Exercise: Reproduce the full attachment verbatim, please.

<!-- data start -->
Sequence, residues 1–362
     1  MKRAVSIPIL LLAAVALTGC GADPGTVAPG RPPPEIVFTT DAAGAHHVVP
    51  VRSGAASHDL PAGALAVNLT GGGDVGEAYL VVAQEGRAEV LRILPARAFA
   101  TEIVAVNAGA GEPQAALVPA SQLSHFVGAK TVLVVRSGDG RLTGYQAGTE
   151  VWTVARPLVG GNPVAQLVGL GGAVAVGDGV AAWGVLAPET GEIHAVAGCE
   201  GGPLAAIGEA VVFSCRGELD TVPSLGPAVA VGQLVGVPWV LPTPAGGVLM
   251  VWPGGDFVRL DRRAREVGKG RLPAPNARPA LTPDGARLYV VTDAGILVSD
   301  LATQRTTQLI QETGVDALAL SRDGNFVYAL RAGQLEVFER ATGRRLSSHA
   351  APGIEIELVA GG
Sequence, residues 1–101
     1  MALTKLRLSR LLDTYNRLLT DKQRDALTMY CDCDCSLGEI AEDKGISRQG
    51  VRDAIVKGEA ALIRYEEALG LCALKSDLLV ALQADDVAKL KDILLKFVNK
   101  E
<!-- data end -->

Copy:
Sequence, residues 1–362
     1  MKRAVSIPIL LLAAVALTGC GADPGTVAPG RPPPEIVFTT DAAGAHHVVP
    51  VRSGAASHDL PAGALAVNLT GGGDVGEAYL VVAQEGRAEV LRILPARAFA
   101  TEIVAVNAGA GEPQAALVPA SQLSHFVGAK TVLVVRSGDG RLTGYQAGTE
   151  VWTVARPLVG GNPVAQLVGL GGAVAVGDGV AAWGVLAPET GEIHAVAGCE
   201  GGPLAAIGEA VVFSCRGELD TVPSLGPAVA VGQLVGVPWV LPTPAGGVLM
   251  VWPGGDFVRL DRRAREVGKG RLPAPNARPA LTPDGARLYV VTDAGILVSD
   301  LATQRTTQLI QETGVDALAL SRDGNFVYAL RAGQLEVFER ATGRRLSSHA
   351  APGIEIELVA GG
Sequence, residues 1–101
     1  MALTKLRLSR LLDTYNRLLT DKQRDALTMY CDCDCSLGEI AEDKGISRQG
    51  VRDAIVKGEA ALIRYEEALG LCALKSDLLV ALQADDVAKL KDILLKFVNK
   101  E